Antidepressant medication use in palliative care
Depression and other mood disorders occur in approximately 25 percent of terminal patients. Untreated, depression and mood disorders can have a significantly negative impact on patients and families. Screening for depression can be done as easily as asking one question: "are you depressed?" A positive response to this question can be followed with one of the more extensive screening tools. Anxiety disorders can also have a negative effect on patients and their families. These can be identified by also using one of the validated screening tools. Use of the antidepressant medications for treating depression and, in some cases, anxiety disorders has not been well studied in hospice and palliative care. Some of the antidepressants can also serve as adjuvant therapy in pain management.
Available from: Jörg Fachner
- "As regards medication, antidepressants such as SSRIs (selective serotonin reuptake inhibitors), MAOI (Monoamine oxidase inhibitors) and the older TCAs (tricyclic antidepressants) are mostly used . However, side effects as nausea, diarrhoea, headache or anxiety are well known, and patients are therefore seeking alternative complementary treatments . Music therapy has the potential to serve as an adjunct to, or facilitator of, medication, may reduce the amount of medication administered, or can even serve as a method of choice instead of medication, as demonstrated, for example, in anaesthesia . "
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ABSTRACT: Music therapy is frequently offered to individuals suffering from depression. Despite the lack of research into the effects of music therapy on this population, anecdotal evidence suggests that the results are rather promising. The aim of this study is to examine whether improvisational, psychodynamically orientated music therapy in an individual setting helps reduce symptoms of depression and improve other health-related outcomes. In particular, attention will be given to mediator agents, such as musical expression and interaction in the sessions, as well as to the explanatory potential of EEG recordings in investigating emotion related music perception of individuals with depression.
85 adults (18-50 years of age) with depression (ICD-10: F 32 or F33) will be randomly assigned to an experimental or a control condition. All participants will receive standard care, but the experimental group will be offered biweekly sessions of improvisational music therapy over a period of 3 months. A blind assessor will measure outcomes before testing, after 3 months, and after 6 months.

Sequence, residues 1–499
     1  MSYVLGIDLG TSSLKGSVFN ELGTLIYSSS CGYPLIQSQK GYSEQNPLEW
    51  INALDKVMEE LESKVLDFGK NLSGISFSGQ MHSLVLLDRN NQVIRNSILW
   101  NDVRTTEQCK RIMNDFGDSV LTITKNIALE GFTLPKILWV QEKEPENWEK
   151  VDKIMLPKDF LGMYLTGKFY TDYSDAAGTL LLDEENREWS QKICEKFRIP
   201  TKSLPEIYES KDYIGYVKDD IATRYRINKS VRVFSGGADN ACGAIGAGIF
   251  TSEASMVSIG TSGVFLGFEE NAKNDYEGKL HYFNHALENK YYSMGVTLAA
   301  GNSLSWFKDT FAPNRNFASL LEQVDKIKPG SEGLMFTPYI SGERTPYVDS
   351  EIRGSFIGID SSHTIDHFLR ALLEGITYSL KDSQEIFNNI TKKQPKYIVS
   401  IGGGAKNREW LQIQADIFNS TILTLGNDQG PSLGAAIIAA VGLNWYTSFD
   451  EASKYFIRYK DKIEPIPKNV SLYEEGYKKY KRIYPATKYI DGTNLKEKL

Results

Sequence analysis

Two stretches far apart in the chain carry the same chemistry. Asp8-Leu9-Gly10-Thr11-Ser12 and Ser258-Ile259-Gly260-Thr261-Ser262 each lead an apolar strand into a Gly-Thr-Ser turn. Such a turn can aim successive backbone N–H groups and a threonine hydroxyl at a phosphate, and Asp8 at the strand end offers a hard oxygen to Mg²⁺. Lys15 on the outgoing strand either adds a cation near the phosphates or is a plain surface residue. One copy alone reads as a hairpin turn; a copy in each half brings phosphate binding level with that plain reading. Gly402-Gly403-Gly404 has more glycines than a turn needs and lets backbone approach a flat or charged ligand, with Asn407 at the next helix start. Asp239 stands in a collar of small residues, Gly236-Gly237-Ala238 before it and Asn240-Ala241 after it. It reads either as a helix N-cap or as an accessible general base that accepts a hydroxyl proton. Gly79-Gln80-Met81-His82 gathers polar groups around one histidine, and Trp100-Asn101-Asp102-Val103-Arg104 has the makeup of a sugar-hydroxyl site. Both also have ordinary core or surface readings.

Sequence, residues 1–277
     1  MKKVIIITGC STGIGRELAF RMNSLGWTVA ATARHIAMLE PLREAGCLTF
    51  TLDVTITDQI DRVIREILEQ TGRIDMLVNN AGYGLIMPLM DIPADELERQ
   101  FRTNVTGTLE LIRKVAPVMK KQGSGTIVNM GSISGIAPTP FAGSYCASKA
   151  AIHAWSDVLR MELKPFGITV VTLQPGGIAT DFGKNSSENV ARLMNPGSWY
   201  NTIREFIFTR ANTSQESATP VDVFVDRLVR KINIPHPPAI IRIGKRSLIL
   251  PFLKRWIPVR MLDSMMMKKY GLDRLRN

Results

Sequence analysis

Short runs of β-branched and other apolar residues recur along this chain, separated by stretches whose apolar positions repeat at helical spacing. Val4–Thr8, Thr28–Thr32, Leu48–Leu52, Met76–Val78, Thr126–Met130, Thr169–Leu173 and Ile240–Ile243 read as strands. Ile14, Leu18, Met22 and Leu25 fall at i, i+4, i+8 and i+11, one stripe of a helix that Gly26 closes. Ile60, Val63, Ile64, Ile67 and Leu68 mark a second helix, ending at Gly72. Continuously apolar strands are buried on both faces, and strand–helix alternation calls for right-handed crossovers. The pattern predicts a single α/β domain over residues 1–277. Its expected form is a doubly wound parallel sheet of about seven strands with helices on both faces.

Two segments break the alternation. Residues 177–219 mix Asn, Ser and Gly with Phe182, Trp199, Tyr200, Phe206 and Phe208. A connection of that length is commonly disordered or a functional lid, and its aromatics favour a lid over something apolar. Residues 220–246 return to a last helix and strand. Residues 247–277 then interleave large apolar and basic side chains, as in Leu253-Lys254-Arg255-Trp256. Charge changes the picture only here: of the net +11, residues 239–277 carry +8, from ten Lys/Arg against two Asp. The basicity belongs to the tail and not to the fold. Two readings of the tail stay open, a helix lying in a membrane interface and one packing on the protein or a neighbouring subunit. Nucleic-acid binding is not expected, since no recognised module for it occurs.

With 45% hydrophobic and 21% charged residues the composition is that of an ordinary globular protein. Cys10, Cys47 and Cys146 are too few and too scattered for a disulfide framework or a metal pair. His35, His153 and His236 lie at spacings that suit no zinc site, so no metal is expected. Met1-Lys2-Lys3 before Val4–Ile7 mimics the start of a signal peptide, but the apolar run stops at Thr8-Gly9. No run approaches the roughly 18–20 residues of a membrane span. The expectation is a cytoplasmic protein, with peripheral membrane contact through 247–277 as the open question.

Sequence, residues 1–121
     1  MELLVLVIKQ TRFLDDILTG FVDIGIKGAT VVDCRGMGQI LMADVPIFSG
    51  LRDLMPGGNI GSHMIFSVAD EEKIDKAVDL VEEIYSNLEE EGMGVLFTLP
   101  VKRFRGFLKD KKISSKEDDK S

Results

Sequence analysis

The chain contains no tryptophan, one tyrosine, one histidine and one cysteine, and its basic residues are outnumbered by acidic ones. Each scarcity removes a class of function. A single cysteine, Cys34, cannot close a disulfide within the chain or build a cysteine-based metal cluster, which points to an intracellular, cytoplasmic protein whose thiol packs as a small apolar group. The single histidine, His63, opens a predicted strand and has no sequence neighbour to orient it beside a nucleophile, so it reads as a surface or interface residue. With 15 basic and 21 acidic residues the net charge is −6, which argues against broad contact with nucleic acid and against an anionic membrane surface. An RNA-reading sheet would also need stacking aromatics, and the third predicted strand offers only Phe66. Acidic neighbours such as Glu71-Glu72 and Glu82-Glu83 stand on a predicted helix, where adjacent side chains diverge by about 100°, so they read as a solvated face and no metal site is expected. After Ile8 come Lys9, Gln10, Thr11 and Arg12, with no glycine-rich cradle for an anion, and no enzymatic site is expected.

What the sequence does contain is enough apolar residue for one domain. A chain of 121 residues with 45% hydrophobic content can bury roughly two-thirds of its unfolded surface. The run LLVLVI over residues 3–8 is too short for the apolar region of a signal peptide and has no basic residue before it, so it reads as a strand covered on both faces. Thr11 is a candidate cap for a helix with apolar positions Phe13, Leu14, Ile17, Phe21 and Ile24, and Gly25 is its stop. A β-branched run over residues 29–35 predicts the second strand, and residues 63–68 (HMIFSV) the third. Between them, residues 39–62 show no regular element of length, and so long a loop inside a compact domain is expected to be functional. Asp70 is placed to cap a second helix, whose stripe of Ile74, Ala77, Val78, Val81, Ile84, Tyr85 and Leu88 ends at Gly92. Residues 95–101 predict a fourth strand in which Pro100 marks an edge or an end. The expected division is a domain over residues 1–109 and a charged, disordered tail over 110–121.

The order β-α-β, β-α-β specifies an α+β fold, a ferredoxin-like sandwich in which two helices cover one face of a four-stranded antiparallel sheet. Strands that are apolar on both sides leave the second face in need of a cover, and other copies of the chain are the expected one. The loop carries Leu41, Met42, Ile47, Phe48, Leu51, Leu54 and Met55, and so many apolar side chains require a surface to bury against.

This study aims to fill a gap in knowledge as to whether active (improvisational) music therapy applied to people with depression improves their condition. For the first time in this context, the mediating processes, such as changes in musical expression and interaction during the course of therapy, will be objectively investigated, and it is expected that the results will provide new insights into these processes. Furthermore, the findings are expected to reveal whether music related emotional experiences, as measured by EEG, can be utilized in assessing a depressive client's improvement in the therapy. The size and the comprehensiveness of the study are sufficient for generalizing its findings to clinical practice as well as to further music therapy research.
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ABSTRACT: Summary Symptoms of acute distress are often present in cancer patients. Prevalence rates of psychiatric disorders are reported between
30%–60%. Rates of psychopharmacologic treatment are not very well documented and depend much on factors like locally established
treatment procedures and structure of treatment settings. Psychosocial needs including psychiatric and psychotherapeutic treatment
of cancer patients are often not addressed sufficiently. During the last ten years the use of anxiolytic and antidepressant
medication has increased continuously in cancer patients. Nevertheless evidence based data deriving from randomised controlled
trials are still not very many available. The main indication for anxiolytic drugs is short term treatment of acute distress
symptoms. Antidepressants are mainly used for depression spectrum syndromes and anxiety syndromes which are the two most often
reported psychiatric disorders in cancer patients. Psychopharmacologic medication is also used to achieve a better control
of somatic symptoms either due the disease itself or due to cancer therapy. Pain, emesis, nausea, hot flashes and pruritus
are some of the symptoms which can be improved by additional psychopharmacologic therapy. Antipsychotics are primarily used
for treating delirium symptoms in oncological patients. Although psychopharmacologic medication appears to be beneficial in
the treatment of psychiatric syndromes in cancer patients, more research needs to be done to support current clinical practices
and to develop new therapeutic procedures to better address psychiatric symptoms and syndromes in cancer patients.
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